The Department has an active research culture, and a strong series of departmental research seminars. We regularly host national and international conferences. Further details of departmental events are listed on our events pages
The Department research clusters include:
One of the drivers of the recent revolution in Archaeology is the development of methodologies that allow facets of human lifeways, previously archaeologically invisible, to be revealed. This includes the development of scientific methodologies to reconstruct mobility, detailed subsistence strategies, familial relationships and new ways of understanding ancient technologies. These new datasets are changing the way we understand people in the past by revealing within lifetime activity, and enhance the archaeological interpretation to the extent that we can now view studies of the past as an extension of studies of the present. Thus, human behaviour and social organization can now be identified with a precision that allows a comparison between modern and ancient populations, thereby connecting Archaeology with Anthropology
[leader: Dr Kate Robson Brown]
Evolutionary anthropologists are only just beginning to understand the relationships between human culture, the physical environment and human diversity, and thereby develop models for gene-culture co-evolution. Successful studies in this field require an interdisciplinary approach covering variation in time and space. The Department’s strengths in these areas represent complementary approaches: the investigation of human behaviours on the one hand, and the physical human body on the other. Novel research has revealed how ecological/social change, e.g. in residential mobility, population growth or wealth inheritance influence both individual decision-making, and reproductive success in contemporary rural communities. A physical approach is also taken and we have shown how the microstructure of bone may reveal patterns of growth, development, health and loading in contemporary and archaeological humans and fossil hominins that can inform reconstructions of habitat selection, maturational schedules, and locomotion.[Leaders: Dr N.J. Saunders, Dr T. Hodos]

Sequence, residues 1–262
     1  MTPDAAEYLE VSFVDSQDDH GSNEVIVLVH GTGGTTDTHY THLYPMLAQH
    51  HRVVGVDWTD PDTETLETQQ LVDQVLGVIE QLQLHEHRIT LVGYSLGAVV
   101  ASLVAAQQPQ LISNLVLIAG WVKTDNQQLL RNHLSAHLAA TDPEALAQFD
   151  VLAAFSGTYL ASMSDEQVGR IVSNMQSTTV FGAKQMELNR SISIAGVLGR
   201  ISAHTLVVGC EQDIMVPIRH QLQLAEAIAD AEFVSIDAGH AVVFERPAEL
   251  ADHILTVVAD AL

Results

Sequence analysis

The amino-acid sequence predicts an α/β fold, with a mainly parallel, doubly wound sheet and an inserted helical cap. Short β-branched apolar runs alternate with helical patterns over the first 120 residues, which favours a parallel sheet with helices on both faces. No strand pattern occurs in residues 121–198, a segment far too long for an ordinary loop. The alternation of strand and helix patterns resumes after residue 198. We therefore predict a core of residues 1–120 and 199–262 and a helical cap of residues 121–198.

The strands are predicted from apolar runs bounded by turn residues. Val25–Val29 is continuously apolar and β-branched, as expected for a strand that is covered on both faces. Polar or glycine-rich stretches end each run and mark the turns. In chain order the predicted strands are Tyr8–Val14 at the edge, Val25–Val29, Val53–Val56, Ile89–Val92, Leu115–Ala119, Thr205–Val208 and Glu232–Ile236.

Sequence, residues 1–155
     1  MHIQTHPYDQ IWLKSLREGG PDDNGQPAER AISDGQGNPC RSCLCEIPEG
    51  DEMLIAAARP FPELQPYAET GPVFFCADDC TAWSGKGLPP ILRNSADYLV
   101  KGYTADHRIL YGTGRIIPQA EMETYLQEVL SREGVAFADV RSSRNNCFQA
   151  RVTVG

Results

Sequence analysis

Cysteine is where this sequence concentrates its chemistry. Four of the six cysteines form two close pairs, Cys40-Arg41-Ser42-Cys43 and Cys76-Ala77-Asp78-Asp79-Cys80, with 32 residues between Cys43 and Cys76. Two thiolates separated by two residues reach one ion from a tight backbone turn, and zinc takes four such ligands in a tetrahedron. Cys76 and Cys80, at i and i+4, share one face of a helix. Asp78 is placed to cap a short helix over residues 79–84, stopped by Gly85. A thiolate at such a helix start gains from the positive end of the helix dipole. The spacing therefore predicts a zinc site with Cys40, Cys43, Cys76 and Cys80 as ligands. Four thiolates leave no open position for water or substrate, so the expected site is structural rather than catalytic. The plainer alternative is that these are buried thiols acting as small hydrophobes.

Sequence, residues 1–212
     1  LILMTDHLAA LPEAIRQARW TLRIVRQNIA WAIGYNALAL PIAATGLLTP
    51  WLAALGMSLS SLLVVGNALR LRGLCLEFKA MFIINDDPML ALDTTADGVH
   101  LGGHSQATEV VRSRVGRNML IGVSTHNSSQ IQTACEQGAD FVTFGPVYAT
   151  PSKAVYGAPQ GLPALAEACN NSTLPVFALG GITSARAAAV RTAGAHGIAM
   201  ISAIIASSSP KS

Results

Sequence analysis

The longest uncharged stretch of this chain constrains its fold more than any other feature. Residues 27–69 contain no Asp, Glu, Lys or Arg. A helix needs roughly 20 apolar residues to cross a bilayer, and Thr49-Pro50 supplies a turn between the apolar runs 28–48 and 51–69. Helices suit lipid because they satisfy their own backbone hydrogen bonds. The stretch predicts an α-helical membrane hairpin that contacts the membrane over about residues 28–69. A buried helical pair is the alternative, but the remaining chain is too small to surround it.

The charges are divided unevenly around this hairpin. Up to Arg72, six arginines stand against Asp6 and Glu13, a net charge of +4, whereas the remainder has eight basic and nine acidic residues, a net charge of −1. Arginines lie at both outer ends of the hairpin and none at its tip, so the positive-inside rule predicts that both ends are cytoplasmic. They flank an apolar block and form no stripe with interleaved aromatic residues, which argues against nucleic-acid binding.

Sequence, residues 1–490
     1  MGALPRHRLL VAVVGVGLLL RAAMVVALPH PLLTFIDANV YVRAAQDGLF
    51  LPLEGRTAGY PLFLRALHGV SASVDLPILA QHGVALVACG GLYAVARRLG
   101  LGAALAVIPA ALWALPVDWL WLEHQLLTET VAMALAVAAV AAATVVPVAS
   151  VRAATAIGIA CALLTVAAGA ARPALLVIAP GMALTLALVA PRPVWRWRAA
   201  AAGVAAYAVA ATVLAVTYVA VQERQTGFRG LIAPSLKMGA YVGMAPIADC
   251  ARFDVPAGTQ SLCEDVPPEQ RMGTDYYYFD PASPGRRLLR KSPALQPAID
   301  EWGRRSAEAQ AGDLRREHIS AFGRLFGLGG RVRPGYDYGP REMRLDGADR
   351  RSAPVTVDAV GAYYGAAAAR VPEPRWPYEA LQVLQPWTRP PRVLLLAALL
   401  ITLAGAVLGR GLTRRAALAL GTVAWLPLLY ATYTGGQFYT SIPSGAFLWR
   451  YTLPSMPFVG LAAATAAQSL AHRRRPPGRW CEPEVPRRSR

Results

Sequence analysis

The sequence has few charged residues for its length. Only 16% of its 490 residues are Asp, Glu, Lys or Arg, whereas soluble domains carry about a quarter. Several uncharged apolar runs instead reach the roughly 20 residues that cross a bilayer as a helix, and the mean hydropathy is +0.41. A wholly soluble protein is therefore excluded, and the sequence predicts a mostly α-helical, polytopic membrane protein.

Materiality deals with people’s engagement with the material world, whether ‘constructed’ (as material culture) or ‘given’ (as natural kinds – fauna, flora, physical landscape). Individual and group identities are linked inextricably with materiality as they find physical and symbolic expression in the diversity of engagements that characterise social life. One critical area is the link between material practices and cognitive development – how engaging with the material world shapes people’s thoughts, perceptions, and actions, concerning themselves, others, the objects they make, and the beliefs they hold. Materiality’s conceptual links to identity, landscape, and memory are central to our understanding of what it means to be human, and therefore of primary concern to Archaeology and Anthropology.